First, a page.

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The Big Clue You Might Have Missed In The Last Of Us' Premiere

HBO's adaptation of "The Last of Us" came out of the gate swinging with a stellar premiere episode (read SVG's review here). The first installment of the long-awaited series faithfully recreates the tone of the games, introducing new audiences to Ellie and Joel with a number of scenes that feel like they've been pulled straight from Naughty Dog's original work. However, the first episode also added many new wrinkles to the story that fans of the games know and love. Some of these changes have contributed to a theory about the way in which the series' deadly Cordyceps infection first began to spread.

The opening scene of the show sets the audience up to expect some kind of fungal infection, much like in the games. However, the spores seen in the video games are not the primary method by which the virus is transmitted. As series co-creator Neil Druckmann revealed in an interview with Collider, the TV series switched to the infected using tendrils to pass on the virus. But still, those tendrils had to come from something, right?

The opening scene of the series establishes that the world could indeed be toppled by a fungal contagion, but the rest of the episode doesn't delve too much into how the Cordyceps suddenly took hold — or does it? This new fan theory might explain the origins of the virus in a way the games never did.

Flour power?

Redditor u/anagnost puts forth the idea that the outbreak was originally spread by "contaminated flour," which in turn tainted the food supply in North America and possibly other territories. As noted by anagnost, "There are too many coincidences that have our main characters avoid eating objects with flour." The Redditor points to several moments in the first episode in which the protagonists are unable to eat something with flour in it. For instance, the Millers discover at the top of the episode that they are out of flour, so Sarah is unable to make pancakes for Joel's birthday breakfast. Joel also forgets to pick up the birthday cake that was ordered for him, which presumably would have been made with flour as well.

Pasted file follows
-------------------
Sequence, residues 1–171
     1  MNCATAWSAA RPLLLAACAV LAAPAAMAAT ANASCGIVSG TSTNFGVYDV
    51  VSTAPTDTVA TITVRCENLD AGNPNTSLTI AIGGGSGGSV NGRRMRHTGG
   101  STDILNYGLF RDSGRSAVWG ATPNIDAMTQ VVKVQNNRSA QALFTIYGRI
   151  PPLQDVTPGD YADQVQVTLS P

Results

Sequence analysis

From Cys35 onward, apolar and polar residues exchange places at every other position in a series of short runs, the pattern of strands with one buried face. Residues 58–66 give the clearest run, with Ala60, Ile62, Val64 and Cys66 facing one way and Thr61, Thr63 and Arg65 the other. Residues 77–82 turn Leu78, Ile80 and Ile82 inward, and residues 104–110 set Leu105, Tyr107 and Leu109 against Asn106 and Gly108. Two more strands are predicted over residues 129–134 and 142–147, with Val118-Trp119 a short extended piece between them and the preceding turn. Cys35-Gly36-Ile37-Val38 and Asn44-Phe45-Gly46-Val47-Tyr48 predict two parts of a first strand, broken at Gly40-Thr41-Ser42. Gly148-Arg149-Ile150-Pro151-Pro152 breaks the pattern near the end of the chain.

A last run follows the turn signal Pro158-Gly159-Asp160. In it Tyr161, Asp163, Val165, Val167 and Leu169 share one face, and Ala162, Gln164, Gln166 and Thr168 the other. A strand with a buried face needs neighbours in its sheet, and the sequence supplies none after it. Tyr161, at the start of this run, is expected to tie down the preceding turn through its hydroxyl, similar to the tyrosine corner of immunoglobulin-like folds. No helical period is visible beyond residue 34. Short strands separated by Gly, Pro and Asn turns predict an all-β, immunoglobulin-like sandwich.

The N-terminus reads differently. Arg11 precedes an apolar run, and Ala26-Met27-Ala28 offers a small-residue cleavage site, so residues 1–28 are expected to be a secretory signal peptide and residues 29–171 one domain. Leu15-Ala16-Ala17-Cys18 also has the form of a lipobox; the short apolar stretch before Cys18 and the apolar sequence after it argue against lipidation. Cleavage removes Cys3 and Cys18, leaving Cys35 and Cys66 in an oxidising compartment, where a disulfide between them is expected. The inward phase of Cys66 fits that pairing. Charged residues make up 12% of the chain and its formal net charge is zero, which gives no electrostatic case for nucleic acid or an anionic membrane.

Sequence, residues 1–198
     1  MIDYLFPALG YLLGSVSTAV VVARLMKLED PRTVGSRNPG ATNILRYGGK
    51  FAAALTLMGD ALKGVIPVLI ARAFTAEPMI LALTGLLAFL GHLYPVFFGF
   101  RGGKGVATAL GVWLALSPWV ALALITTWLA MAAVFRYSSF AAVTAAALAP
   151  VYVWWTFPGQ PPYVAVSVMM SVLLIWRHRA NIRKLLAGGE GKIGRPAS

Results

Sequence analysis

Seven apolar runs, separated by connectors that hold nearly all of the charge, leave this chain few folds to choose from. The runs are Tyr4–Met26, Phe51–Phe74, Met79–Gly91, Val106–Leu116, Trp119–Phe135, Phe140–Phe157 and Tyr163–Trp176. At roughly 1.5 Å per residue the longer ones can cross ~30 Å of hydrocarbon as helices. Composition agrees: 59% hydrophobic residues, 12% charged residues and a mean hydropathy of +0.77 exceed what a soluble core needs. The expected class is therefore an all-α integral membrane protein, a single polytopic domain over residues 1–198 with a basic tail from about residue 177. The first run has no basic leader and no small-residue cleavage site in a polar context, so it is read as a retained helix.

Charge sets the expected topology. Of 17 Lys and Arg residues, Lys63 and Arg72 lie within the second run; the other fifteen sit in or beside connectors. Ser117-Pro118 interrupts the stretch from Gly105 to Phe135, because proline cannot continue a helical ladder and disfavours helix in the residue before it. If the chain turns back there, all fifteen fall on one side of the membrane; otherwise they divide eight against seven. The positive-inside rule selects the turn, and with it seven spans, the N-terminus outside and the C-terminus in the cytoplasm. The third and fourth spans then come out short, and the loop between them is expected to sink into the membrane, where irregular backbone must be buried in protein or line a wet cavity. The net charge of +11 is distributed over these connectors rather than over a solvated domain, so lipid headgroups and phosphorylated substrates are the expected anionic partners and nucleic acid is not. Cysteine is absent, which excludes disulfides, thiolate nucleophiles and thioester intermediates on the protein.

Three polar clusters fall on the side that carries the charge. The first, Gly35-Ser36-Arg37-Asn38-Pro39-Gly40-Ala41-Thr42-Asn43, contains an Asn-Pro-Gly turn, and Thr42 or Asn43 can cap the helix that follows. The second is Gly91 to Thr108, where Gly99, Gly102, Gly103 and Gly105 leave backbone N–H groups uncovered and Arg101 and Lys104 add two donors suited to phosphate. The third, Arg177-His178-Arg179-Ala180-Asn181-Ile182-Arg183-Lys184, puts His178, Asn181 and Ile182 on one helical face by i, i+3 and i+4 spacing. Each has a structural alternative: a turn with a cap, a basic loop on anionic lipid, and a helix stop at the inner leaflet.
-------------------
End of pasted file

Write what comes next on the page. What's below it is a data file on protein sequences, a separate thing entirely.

Anagnost adds that they're not alone in this theory. Reddit user RealSteamedHam points out, "It just so happens the worlds largest flour mill is in Jakarta. It's where we first know the outbreak happens on the radio while Joel, Sarah, and Tommy are eating breakfast." This point might be enough to convince most viewers of the show, but that's not the end to the clues.

There are a few more instances in the episode of a near-miss with flour, but perhaps the most important piece of the puzzle comes from the scene in which both Joel and Sarah say no to an offer of fresh biscuits from their neighbor. This neighbor can be seen feeding a biscuit to his elderly mother with dementia, which leads to the most telling piece of evidence supporting this fan theory.

Look for the 'breadcrumbs'

In the first episode of HBO Max's "The Last of Us Podcast," hosted by Troy Baker (the original voice actor behind Joel), Craig Mazin and Neil Druckmann had an opportunity to discuss their approach in bringing "The Last of Us" to television. One of the things they were excited to do with this first episode is flesh out the story of Joel and Ellie's doomed neighbors, who become infected or are killed when the aforementioned older woman turns feral. In the interview, Mazin points out that this illustrates the ways in which the Cordyceps can essentially reanimate atrophied tissue and cause even a catatonic human being to lash out. 

But the real interesting bit here can be heard after Mazin talks about the scene of the old woman being fed a biscuit. At that, Mazin stops himself and remarks, By the way, a lot of little details are gonna come back around. We don't wanna give spoilers, but I will say this: Careful viewers of this episode will be rewarded repeatedly, because little bits of breadcrumbs have been planted that are gonna pay off later in interesting ways." 

For some listeners, including the folks in u/anagnost's Reddit thread, the use of the term "breadcrumbs" feels all too purposeful. It's unclear how these so-called "breadcrumbs" will eventually pay off in the world of the show. It's almost difficult to believe that the show would go so far as to give viewers a definitive reason for the outbreak. After all, "The Walking Dead" also teased various reasons behind its outbreak over the years, but never quite settled on one true cause. Dedicated fans of "The Last of Us" will simply have to stay tuned.